OR: Is it possible for an object’s velocity to be in the direction opposite to its acceleration?
OR : Velocity and acceleration do not need to be directed towards the same way.
Yes, it is possible when the object has negative acceleration or retardation. When a body is undergoing retardation, the body is going in one direction but is being acted upon by a force in opposite direction. So, the acceleration will also be in the opposite direction. Thus, if the object is going towards east (has an eastward velocity) but is acted by an opposite force (in westward direction), the acceleration will be towards the west.
For example, on the application of brakes on a moving vehicle, the direction of its deceleration is opposite to that of its motion.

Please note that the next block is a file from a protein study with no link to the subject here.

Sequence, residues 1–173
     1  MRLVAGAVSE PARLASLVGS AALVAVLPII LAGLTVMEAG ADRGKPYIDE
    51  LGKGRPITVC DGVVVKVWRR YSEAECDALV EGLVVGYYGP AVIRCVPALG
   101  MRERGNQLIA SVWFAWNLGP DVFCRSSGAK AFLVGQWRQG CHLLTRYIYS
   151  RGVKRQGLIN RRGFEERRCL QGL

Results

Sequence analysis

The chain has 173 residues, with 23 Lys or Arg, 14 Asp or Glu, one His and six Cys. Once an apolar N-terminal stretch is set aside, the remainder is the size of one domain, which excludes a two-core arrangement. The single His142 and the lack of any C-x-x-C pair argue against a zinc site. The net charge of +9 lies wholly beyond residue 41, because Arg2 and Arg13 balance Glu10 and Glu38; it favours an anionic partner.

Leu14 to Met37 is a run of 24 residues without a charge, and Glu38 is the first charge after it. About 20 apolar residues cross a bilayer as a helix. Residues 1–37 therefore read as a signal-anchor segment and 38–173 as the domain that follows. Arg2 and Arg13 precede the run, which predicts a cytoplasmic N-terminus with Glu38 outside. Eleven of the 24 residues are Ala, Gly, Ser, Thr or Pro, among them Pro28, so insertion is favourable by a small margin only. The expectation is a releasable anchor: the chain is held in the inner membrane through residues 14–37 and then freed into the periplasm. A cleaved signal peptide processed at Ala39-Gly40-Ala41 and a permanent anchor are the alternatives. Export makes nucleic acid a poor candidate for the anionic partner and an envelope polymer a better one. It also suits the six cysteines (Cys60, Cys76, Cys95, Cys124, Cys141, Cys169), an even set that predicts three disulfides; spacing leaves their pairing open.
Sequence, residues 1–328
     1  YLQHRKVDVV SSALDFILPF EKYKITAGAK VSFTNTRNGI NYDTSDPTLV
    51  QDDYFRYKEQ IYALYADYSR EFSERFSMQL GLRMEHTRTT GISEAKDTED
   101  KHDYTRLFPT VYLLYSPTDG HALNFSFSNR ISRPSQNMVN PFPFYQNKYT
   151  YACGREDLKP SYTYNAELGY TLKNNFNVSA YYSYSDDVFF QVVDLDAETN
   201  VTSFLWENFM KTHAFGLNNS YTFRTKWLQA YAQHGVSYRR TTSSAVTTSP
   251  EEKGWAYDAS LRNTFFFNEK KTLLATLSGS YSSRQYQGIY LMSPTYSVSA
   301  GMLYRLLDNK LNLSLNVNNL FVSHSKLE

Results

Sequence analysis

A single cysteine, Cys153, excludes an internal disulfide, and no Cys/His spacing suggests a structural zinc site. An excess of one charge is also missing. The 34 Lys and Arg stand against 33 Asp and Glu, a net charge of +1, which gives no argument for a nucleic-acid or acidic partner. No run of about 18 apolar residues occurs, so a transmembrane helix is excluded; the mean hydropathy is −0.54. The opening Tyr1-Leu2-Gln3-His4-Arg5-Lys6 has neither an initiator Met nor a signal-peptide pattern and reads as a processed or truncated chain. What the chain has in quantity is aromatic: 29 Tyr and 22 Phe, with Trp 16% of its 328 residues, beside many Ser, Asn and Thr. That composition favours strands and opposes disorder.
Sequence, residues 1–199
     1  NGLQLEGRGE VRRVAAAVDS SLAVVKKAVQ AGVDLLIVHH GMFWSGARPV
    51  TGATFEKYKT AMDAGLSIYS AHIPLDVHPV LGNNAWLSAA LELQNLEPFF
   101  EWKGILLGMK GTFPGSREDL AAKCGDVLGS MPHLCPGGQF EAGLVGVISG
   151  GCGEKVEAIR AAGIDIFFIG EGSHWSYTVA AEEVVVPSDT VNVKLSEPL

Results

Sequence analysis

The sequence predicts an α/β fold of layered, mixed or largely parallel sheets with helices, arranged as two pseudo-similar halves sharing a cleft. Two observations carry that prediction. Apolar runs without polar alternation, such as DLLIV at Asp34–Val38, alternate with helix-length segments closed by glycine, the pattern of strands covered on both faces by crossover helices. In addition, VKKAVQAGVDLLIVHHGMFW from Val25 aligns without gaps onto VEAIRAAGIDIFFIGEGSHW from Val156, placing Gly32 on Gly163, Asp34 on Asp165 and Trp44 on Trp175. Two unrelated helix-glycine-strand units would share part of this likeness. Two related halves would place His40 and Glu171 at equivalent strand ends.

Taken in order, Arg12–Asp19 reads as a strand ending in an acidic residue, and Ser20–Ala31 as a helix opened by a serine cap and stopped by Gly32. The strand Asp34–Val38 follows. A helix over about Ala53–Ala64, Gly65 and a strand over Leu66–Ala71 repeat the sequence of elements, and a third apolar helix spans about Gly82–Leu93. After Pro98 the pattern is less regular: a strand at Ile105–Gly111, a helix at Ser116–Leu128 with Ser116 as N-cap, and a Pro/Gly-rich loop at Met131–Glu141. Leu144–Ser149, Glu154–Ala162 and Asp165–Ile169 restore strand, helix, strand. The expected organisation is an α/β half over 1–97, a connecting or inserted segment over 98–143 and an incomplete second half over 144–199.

Similarly, in simple harmonic motion, when a body is moving towards east from its mean position, the direction of its velocity will be eastward. But, since the acceleration is always directed towards the mean position, the direction of its acceleration will be towards west.
[Read: Motion in a Straight Line]
A player hits a baseball at some angle. The ball goes high up in space. The player runs and catches the ball before it hits the ground. Which of the two (the player or the ball) has greater displacement?